I was in college when I first encountered Toy Story 3. I was younger than ten when I saw the original movie. At that time, all I knew was that it featured funny-looking cartoons about a cowboy doll and his rival-cum-pal space ranger. I did not know until much later that Toy Story upended the computer graphics industry in unprecedented ways.
The second and third iterations in the Toy Story series essentially find Woody and Buzz (the cowboy and space ranger) fighting to maintain life as they know it as Andy, their human owner, grows older. Eventually, he naturally starts to neglect the toys. In the third movie, he goes off to college, which makes him just a few years younger than I was when the movie was released.
For those who have never seen it (spoiler alert!), Andy gives all the toys away at the end. They are happy because he gives them to a new owner, a cheerful young girl. Yet the final scene is quite dramatic for a cartoon. When friends who saw it before I did told me they cried at this point, I scoffed. How could an adult be moved by computer animation?
And then I got emotional too, when I finally saw the movie. I was reminded of this when I saw the movie on TV recently. I thought of Saint Paul’s letter to the Corinthians: “When I was a child, I spoke like a child, I reasoned like a child; when I became a man, I gave up childish ways.” He wrote that a solid 1900 years before movie theaters existed. He certainly had no idea what CGI was. But Paul understood from his own experience that life continues to unfold in time. For most people, life follows a progression from a childlike existence to a mature adulthood. Paul found losing this immaturity good and necessary. But the Romantic in me mourns the loss of innocence and the dawn of complexified adulthood. That is why Toy Story 3 affects me.
As Andy gives his toys away — even his beloved Woody the Cowboy — I think about my own childhood. I do not even know where my old toys ended up. At some point, at a moment much less dramatic than Pixar implies, I put away or gave away or did something to those childish things. That is what movies do well, of course: they crystallize dramatically those emotions felt fleetingly in time.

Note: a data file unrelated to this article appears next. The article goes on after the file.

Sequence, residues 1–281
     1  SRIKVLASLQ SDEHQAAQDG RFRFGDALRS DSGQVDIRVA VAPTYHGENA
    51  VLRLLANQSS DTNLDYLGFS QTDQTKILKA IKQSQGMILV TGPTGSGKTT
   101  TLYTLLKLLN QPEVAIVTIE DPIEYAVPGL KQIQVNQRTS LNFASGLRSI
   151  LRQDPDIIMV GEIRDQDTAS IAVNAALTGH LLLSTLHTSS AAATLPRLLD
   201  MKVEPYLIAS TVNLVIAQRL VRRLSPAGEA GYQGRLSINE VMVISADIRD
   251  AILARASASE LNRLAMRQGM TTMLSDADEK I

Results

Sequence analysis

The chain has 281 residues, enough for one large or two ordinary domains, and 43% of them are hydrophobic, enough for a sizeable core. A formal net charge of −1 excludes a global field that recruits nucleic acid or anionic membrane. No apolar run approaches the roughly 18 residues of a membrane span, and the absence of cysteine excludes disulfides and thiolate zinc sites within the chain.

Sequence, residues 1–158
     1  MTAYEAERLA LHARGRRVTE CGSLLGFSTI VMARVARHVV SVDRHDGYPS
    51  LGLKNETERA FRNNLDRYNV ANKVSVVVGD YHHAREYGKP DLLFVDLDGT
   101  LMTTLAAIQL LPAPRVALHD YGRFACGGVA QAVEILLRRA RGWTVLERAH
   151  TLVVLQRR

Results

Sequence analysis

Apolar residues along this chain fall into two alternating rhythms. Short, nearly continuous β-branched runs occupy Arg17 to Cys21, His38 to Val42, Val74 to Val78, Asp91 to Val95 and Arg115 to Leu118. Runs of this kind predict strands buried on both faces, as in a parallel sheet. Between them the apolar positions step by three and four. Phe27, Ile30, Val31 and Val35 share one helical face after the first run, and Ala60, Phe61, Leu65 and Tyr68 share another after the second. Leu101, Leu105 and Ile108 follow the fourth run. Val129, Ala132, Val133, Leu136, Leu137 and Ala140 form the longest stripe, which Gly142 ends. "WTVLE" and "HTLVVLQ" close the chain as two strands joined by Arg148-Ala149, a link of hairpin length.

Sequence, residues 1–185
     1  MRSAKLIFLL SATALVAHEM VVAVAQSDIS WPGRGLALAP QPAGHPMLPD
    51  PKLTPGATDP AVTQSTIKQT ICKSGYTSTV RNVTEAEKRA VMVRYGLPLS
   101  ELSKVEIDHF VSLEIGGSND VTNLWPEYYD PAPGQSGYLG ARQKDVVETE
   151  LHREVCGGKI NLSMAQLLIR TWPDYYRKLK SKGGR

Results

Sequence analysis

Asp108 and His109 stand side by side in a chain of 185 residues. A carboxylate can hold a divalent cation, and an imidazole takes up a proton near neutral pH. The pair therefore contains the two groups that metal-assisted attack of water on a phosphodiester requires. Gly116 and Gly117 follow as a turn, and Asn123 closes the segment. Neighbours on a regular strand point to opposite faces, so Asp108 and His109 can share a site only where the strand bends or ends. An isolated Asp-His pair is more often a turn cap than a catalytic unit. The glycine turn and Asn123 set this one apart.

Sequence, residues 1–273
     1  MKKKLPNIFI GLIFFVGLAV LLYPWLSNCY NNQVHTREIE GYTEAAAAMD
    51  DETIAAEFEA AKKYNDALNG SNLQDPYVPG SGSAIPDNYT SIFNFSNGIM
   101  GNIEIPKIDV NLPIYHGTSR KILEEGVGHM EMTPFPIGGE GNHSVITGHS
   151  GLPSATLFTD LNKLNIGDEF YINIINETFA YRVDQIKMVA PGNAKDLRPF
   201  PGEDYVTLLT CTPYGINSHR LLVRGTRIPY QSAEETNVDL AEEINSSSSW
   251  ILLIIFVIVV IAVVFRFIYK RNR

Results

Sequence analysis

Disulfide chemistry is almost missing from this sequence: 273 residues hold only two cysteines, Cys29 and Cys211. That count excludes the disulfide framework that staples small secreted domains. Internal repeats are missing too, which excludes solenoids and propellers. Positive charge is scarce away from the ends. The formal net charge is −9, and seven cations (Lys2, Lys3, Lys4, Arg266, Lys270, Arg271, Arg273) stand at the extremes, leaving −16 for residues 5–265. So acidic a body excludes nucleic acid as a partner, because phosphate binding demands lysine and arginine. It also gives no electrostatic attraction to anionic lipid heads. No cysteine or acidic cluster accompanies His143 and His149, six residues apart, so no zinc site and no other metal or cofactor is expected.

“At present, I know partially; then I shall know fully, as I am fully known.” Paul is looking forward to the Reign of God when human shadows and images of God will be replaced by a true knowing. The Toy Story series is a coming of age narrative not so much about the toys (they are plastic, after all), but about Andy, a suburban kid whose father is noticeably absent from his life for a reason the viewer is never given.
Maybe adults cry at the ending because they see themselves in Andy. They surrendered their childhood at some point. They know how maddening those years of transition were. But we are left with hope. They toys live! They live in the universe of a new owner who will use them for what they were made for. Andy walks into adulthood, but the gang is still together.
“So faith, hope, love remain, these three; but the greatest of these is love.” The toys are claimed out of the dustbin of history by a new owner. So while I remember the transition to adulthood and the ways I left behind, I am happy for the Buzz Lightyear in me — claimed forever by One who doesn’t change. Claimed for infinity and…well, you know the rest.